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National Day for Truth and Reconciliation 2021: What You Need To Know

Published on September 6, 2021

canadian parliament buildings at sunset

The Canadian government passed legislation in 2021 to make September 30th an official statutory holiday called the National Day for Truth and Reconciliation.

The day is meant to be an opportunity for Canadians to commemorate the survivors of the residential school system and their families through quiet reflection or community events.

New National Day for Truth and Reconciliation in 2021 

Although it was originally proposed in 2015, the holiday was put into legislation on June 3rd of this year, not long after the remains of 215 children were found on the grounds of what was previously the Kamloops Indian Residential School in May.

Since then, more remains have been uncovered, and it’s been estimated that upwards of 6,000 children died at the residential schools.

government buildings where national truth and reconcilation day will be honored

Here are 5 Things You Need to Know About National Day for Truth and Reconciliation 2021

Here’s what you need to know about the upcoming National Day for Truth and Reconciliation 2021:

1. Federally Regulated Employees Have the Day Off  

Since the National Day for Truth and Reconciliation is a federal statutory holiday, public servants or those who work in banks, post offices or other government institutions will have the day off. This means government employees will have two statutory holidays in September including Labour Day.

2. Most Provinces Won’t Observe the Day as an Official Holiday  

Although the National Day for Truth and Reconciliation is an official federal statutory holiday, many provinces will not be observing the day. However, British Columbia and the Northwest Territories have announced that they are advising all public sector employees to do so, and the city of Saskatoon will also be observing the day as a paid statutory holiday for government workers.

3. The Day Was Designated to Honor the Survivors of the Residential School System

In 2015, Canada’s Truth and Reconciliation Commission suggested the creation of a statutory holiday as an opportunity to remember the indigenous people who were affected by the residential school system. It was part of 94 recommendations in the Commission’s final report, which noted that the day would be a chance “to honour survivors, their families, and communities, and ensure that public commemoration of the history and legacy of residential schools remains a vital component of the reconciliation process.”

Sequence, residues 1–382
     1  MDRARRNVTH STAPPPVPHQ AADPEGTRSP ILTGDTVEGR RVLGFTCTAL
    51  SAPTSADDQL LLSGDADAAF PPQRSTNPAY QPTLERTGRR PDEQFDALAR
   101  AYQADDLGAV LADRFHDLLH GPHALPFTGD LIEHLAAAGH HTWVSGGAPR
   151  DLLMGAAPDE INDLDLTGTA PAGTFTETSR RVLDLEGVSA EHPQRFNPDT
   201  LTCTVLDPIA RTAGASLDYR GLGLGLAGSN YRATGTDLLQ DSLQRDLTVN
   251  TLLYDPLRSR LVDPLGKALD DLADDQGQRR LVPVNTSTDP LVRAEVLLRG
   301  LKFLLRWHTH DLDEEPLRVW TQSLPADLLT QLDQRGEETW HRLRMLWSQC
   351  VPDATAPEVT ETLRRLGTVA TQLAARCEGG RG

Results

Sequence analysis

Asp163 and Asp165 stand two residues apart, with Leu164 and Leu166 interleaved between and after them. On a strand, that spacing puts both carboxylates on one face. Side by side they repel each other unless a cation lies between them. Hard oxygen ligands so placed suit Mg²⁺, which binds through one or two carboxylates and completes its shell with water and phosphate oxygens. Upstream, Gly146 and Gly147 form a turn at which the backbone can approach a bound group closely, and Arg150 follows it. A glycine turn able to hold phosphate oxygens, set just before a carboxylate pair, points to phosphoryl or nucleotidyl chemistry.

4.  The Day Represents an Opportunity for Education, Reflection and Communication

For those who have the day off, the National Day for Truth and Reconciliation provides a chance to engage in educational activities, speak to the community or Indigenous Elders, or attend an event. The Mi’kmaw Native Friendship Centre in Halifax will be holding a three-day event to commemorate the day, while the University of Calgary will be shutting down and holding an event organized by the Indigenous Engagement team and Indigenous Elders.

5. It’s Also Orange Shirt Day on September 30th

On September 30, many people across Canada will be wearing orange in honour of Orange Shirt Day, which was established prior to the official statutory holiday, the National Day for Truth and Reconciliation. Wearing orange on this day signifies a commitment to the ongoing reconciliation process and continuing the dialogue about residential school systems on a global scale. To learn more about the culture, history, traditions and art of Indigenous communities in Canada, here’s a list of resources we compiled for 2021 National Indigenous Peoples Day.

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The Author
Mackenzie Patterson is a Toronto-based writer and journalist. She enjoys long walks, iced coffee on tap, and discovering all the latest and greatest health and wellness trends.

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